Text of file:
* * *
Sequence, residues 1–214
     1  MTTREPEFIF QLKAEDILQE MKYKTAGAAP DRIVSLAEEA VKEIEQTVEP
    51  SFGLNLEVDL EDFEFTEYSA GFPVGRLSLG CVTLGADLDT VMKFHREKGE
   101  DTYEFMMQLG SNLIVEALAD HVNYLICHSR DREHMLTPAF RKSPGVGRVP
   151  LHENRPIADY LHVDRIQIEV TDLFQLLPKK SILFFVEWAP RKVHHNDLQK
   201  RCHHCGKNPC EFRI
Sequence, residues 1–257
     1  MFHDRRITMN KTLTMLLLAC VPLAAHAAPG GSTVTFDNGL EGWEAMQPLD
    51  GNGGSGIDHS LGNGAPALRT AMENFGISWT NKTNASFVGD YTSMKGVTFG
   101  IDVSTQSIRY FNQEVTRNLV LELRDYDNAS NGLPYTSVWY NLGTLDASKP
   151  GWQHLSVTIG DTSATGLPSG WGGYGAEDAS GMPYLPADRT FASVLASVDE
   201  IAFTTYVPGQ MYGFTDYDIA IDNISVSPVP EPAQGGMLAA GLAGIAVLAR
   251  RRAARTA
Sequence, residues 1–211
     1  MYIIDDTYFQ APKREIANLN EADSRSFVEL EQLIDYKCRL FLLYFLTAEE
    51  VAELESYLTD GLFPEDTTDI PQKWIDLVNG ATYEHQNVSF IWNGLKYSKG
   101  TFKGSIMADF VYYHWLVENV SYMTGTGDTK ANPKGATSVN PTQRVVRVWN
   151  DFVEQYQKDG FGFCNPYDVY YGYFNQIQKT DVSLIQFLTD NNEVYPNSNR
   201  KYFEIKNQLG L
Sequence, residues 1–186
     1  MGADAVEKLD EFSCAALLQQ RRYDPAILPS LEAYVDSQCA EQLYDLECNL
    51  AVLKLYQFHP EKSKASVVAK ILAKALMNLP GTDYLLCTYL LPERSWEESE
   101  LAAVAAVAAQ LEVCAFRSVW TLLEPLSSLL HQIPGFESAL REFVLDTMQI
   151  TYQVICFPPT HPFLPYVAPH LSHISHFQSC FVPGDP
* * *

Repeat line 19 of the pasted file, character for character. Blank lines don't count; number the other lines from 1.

   201  KYFEIKNQLG L